Learning a language is one of the best ways to connect with other cultures!
Teresa and her son Adriano enjoy their usual Sunday lunch together.
Learn about the legend and traditions behind the holiday of São Martinho.
With almost 1000 km of coast (not even counting the islands) and at 200 km wide, it’s only natural that Portuguese cuisine contains an abundance of fish dishes. We are, after all, the country that eats the most fish per capita in Europe! The most emblematic Portuguese fish is bacalhau
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cod, which has been part of our history since the 16th century, during the first voyages of Portuguese sailors that took them to Newfoundland.
Have you ever seen young people in black cloaks walking around the streets in Portugal? Learn about the origin of this tradition and how it inspired a very famous author.
Did you know that Portugal is the world’s largest producer of cork?
A hidden gem in the center of Coimbra, Sereia Garden is a beautiful park filled with interesting sculptures, many species of trees, and its fountain, an integral part of a long-standing university tradition.
Olive oil is produced extensively in Portugal and has been an integral part of the history and culture. You’ll be surprised by the number of diverse uses for this precious oil. Here’s a longer Shorty for you (a Longy?) at about 8 minutes!
Learn more about Simone de Oliveira, an iconic Portuguese singer and actress, who is known for her strength and boldness in the face of adversity.
The 25th of April is Portugal’s Freedom Day! Learn more about the revolution that restored freedom to the people of Portugal.
If you’ve ever been to Portugal, you have certainly noticed the beautiful tilework that covers many of the buildings throughout the country. Learn more about how these “azulejos” have played a role in the history and culture of Portugal.
Easter is widely celebrated in Portugal as a time for the family to get together and enjoy an abundance of delicious food. Learn more about the history of the holiday and how it is observed today.
“Calçada portuguesa”, also known as Portuguese mosaic, refers to the decorative cobblestone patterns you see lining the sidewalks throughout the country. Learn more about this impressive pavement art that has become a trademark of Portuguese cities.
Learn more about Fado, the music style that best captures what it means to be Portuguese.
Welcome to Torres Vedras Carnival, a lively festivity that remains faithful to the tradition of celebrating Carnival in Portugal. Learn more about how the Portuguese like to party during this exciting multi-day event!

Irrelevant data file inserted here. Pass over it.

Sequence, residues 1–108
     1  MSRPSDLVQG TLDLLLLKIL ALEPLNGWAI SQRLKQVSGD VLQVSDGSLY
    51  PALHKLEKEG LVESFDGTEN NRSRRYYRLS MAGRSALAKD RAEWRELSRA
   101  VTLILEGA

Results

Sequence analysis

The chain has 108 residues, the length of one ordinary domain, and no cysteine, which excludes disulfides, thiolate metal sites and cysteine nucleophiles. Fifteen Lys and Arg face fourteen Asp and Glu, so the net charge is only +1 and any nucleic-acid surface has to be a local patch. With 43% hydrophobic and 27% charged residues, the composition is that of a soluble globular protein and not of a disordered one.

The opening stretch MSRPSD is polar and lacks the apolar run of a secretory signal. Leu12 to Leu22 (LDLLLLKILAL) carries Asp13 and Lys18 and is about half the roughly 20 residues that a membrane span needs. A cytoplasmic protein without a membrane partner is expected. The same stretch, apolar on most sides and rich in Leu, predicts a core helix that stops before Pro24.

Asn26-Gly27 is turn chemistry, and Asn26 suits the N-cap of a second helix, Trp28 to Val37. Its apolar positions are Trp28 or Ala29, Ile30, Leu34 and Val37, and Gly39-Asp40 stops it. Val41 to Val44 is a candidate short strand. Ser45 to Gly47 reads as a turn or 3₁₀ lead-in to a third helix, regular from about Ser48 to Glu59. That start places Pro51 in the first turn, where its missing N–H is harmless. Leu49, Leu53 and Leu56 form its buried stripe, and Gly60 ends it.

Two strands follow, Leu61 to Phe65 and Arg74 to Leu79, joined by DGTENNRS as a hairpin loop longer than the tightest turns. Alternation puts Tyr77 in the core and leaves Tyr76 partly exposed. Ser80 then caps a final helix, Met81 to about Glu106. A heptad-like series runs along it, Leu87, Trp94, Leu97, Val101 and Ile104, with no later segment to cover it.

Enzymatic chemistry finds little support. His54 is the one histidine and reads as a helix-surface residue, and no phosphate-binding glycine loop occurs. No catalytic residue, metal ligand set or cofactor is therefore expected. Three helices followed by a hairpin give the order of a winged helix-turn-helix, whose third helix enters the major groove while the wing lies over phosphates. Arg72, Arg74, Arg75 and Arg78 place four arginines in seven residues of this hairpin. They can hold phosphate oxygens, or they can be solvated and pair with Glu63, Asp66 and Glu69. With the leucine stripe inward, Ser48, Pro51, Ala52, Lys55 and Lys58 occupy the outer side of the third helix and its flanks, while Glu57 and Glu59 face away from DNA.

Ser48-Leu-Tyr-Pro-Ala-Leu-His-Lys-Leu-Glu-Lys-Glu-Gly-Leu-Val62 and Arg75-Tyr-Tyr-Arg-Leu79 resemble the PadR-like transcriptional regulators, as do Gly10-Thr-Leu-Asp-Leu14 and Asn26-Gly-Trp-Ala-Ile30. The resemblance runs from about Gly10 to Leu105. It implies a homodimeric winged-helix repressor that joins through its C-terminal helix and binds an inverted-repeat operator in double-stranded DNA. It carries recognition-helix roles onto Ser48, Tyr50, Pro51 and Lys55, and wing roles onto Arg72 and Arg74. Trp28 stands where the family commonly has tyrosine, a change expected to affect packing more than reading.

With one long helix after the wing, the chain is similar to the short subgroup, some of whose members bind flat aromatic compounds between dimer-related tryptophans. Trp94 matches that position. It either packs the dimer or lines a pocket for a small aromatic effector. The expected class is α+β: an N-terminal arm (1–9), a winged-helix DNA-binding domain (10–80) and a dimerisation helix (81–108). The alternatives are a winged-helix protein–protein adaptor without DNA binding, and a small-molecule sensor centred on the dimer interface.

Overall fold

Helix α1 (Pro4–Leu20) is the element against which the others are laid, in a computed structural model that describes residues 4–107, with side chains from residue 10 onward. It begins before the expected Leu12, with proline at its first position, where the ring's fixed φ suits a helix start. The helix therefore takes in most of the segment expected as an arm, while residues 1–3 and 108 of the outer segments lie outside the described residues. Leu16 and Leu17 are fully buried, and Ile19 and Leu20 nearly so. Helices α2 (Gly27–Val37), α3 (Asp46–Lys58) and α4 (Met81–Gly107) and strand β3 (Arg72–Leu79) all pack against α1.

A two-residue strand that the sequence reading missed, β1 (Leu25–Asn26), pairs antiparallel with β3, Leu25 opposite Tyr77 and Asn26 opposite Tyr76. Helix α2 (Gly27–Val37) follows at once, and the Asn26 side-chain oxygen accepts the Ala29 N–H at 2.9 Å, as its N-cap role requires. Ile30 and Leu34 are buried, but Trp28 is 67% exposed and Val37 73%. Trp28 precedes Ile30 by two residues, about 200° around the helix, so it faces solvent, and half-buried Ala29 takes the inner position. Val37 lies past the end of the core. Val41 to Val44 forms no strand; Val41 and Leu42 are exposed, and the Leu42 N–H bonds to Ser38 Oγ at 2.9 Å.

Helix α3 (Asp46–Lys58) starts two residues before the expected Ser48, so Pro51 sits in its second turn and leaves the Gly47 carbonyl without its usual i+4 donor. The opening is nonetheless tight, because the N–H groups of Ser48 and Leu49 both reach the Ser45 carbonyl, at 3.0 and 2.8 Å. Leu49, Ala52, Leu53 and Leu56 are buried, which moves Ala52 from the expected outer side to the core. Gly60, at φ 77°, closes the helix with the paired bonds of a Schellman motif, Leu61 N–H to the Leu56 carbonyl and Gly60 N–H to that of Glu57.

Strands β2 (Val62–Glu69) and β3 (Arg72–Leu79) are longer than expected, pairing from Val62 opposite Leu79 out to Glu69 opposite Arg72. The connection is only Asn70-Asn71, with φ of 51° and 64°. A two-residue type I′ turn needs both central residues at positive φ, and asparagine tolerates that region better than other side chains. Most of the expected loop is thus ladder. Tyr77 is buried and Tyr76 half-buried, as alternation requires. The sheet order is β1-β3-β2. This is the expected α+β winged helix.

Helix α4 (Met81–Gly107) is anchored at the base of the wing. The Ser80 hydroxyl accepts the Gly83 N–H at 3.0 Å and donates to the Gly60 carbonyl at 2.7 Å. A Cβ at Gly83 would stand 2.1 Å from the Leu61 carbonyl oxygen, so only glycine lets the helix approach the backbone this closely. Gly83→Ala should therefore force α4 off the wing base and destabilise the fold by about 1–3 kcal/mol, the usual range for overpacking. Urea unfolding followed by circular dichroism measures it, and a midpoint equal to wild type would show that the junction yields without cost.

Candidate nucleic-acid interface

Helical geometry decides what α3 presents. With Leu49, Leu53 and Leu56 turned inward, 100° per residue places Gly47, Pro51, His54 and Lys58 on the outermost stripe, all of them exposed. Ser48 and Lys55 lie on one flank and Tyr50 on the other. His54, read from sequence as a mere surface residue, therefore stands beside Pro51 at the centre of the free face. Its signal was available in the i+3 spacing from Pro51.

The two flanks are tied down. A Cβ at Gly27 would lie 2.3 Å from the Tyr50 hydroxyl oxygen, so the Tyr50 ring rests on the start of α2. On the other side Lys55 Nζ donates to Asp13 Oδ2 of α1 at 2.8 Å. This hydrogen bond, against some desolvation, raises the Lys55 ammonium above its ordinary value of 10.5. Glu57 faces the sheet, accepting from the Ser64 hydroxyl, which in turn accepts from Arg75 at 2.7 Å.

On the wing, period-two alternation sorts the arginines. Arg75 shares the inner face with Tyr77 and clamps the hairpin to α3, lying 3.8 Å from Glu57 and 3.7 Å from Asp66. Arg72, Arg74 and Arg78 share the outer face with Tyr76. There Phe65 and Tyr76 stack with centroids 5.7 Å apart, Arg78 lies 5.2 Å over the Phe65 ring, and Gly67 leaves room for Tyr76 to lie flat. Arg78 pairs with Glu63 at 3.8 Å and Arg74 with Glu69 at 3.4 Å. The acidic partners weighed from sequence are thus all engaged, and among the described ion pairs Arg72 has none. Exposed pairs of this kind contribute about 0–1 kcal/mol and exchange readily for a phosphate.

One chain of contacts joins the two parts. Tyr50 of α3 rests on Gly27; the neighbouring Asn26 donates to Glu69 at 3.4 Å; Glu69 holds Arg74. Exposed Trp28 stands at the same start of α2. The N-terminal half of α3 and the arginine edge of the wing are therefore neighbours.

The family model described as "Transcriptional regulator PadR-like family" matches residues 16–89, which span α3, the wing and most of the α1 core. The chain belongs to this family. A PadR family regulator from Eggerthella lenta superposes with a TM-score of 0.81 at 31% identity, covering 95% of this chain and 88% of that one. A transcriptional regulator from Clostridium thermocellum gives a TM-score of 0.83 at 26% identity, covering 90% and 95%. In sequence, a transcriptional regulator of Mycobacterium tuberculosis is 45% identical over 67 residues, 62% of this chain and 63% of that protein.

Fado is a Portuguese musical style loved by people from all over the world! Learn more about its themes and possible origins.
Feliz Ano Novo! Find out how the Portuguese like to celebrate New Year’s Eve.
There’s a story behind Bolo Rei, a colourful cake that is always present at Christmas Eve dinner. Discover the meaning behind each component of this festive treat!
‘Tis the season… to spread misinformation about the origins of Christmas and Santa Claus! In this special holiday episode, Rui and Joel explore the food and other traditions of Christmas in Portugal, while featuring one of our latest Shorties, “a Consoada“. Boas festas a todos! 🎄
Christmas dinner is a sumptuous meal that brings the whole family to the table for socialization and celebration. Learn more about the treats and traditions of Christmas Eve in Portugal.
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Idiomatic expressions, or idioms, are expressions that you shouldn’t interpret literally. Portuguese idioms have a symbolic meaning, which is rarely maintained upon literal translation into other languages. These expressions reflect the customs and history of the country and are part of all conversations of the Portuguese, rich or poor, from North to South of Portugal. They often incorporate slang words and can be used to convey irony, exaggeration, or impatience, or even just to save time.
Or, as we say in Portugal:
During the 1755 earthquake, two convents collapsed in Lisbon, one with the name Carmo and one with the name Trindade. It was here that the expression Cair o Carmo e a Trindade appeared, which initially implied terror and panic. Although it still retains that meaning, nowadays it is often used in an ironic tone, when you fear the consequences of something unimportant. For example:
Portugal has several traditional folk dances, each expressing the soul of the people from different regions throughout the country.
Maria and José are a couple from Porto who traveled to Coimbra on a tour organized by the parish council. After a disappointing experience, will they be bold enough to complain to the mayor?
Maria do Maria is the most important work of the filmmaker Leitão de Barros and a fundamental point in the history of Portuguese cinema. Learn more about this classic silent film from the 1930s.